Impact of the Atlantic Multidecadal Oscillation on North Pacific climate variability

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Abstract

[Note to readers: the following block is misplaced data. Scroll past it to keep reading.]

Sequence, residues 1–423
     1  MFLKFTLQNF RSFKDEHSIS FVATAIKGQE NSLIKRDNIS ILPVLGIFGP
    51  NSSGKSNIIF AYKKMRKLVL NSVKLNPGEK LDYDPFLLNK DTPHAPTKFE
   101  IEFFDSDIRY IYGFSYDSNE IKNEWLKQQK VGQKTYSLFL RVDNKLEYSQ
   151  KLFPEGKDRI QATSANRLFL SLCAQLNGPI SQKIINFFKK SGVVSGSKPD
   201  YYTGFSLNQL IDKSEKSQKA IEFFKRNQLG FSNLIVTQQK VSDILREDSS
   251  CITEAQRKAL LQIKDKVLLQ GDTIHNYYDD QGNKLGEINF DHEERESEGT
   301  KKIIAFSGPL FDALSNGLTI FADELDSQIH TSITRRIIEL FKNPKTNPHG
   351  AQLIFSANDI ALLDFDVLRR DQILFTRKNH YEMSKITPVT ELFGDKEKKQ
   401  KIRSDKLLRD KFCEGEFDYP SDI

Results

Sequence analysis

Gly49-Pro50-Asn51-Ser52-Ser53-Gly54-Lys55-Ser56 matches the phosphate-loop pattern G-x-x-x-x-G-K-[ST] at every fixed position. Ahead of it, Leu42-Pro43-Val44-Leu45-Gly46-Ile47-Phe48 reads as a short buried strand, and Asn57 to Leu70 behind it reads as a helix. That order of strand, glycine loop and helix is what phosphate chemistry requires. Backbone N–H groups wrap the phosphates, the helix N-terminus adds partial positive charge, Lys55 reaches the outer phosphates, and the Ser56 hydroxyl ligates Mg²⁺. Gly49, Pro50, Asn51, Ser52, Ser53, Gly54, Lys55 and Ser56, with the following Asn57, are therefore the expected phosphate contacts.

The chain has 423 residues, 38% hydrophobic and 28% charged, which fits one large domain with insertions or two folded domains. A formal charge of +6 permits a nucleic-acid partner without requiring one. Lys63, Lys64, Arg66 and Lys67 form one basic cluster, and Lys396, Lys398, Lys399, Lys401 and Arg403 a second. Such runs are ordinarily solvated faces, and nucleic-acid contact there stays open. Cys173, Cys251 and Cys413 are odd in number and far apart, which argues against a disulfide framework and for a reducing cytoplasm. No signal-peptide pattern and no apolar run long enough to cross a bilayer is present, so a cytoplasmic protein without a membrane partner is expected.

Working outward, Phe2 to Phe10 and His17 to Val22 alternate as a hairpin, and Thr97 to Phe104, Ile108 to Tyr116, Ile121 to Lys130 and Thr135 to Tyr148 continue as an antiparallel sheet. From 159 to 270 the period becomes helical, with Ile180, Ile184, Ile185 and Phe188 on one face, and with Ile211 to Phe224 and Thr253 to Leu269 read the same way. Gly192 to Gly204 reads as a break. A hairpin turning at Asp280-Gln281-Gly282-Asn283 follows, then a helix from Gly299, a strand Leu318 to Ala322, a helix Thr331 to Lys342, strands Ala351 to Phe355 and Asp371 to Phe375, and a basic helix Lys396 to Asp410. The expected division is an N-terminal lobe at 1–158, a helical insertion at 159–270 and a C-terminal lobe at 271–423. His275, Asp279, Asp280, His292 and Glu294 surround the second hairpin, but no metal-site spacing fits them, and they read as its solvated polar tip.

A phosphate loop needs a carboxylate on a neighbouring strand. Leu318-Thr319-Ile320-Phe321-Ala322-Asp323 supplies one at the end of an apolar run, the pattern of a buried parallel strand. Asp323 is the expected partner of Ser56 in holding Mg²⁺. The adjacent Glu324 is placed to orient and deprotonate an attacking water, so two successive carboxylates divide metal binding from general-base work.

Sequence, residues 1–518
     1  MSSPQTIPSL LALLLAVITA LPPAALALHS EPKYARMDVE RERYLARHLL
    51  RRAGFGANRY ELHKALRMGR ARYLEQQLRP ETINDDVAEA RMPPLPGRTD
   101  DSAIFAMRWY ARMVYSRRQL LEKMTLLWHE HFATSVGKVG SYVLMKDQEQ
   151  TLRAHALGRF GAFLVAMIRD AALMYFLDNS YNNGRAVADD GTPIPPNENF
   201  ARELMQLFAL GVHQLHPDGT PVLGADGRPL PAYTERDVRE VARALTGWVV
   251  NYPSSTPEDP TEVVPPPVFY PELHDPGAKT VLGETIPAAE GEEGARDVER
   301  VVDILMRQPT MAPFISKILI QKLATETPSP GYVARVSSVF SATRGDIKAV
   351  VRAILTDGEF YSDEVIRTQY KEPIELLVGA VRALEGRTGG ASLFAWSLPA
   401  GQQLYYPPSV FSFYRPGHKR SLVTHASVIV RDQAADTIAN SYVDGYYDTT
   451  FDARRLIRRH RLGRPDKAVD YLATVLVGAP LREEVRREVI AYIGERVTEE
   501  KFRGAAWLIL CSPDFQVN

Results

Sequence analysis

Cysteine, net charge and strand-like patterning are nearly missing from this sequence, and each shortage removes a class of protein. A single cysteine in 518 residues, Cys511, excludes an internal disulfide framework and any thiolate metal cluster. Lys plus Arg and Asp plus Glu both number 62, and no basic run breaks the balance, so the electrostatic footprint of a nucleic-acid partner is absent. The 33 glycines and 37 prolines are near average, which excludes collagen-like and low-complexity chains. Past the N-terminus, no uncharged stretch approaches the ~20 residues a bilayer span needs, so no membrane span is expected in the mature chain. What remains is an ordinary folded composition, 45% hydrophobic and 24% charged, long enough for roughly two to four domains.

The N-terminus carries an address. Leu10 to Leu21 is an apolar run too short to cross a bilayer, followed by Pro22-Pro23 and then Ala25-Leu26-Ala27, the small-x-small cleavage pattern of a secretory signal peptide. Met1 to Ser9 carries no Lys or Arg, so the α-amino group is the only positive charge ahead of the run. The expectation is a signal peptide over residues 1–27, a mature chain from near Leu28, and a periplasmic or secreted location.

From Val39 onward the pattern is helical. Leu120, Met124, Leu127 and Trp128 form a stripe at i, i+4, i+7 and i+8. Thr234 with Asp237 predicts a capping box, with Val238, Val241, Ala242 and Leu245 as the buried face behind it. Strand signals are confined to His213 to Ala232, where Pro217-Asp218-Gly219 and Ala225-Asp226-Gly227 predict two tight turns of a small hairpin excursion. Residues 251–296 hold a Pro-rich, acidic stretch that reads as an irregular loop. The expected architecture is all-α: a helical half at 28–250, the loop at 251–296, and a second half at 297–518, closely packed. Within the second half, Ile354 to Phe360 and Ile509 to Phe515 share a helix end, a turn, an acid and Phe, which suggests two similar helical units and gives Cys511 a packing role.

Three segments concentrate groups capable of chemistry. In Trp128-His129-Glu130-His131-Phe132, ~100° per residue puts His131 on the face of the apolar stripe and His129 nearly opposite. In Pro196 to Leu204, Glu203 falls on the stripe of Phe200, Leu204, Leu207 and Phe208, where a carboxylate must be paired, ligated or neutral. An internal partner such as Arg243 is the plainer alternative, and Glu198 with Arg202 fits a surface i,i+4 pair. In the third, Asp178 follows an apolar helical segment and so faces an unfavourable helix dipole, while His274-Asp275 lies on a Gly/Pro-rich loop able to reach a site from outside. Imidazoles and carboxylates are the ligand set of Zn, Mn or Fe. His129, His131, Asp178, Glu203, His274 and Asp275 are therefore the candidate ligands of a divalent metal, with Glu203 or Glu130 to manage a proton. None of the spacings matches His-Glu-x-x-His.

[1] In this paper, we found that the Atlantic Multidecadal Oscillation (AMO) can contribute to the Pacific Decadal Oscillation (PDO), especially the component of the PDO that is linearly independent of El Niño and the Southern Oscillation (ENSO), i.e. the North Pacific Multidecadal Oscillation (NPMO), and the associated Pacific/North America (PNA) pattern. Using a hybrid version of the GFDL CM2.1 climate model, we show that the AMO provides a source of multidecadal variability to the North Pacific, and needs to be considered along with other forcings for North Pacific climate change. The lagged North Pacific response to the North Atlantic forcing is through atmospheric teleconnections and reinforced by oceanic dynamics and positive air-sea feedback over the North Pacific. The results indicate that a North Pacific regime shift, opposite to the 1976–77 shift, might occur now a decade after the switch of the observed AMO to a positive phase around 1995.

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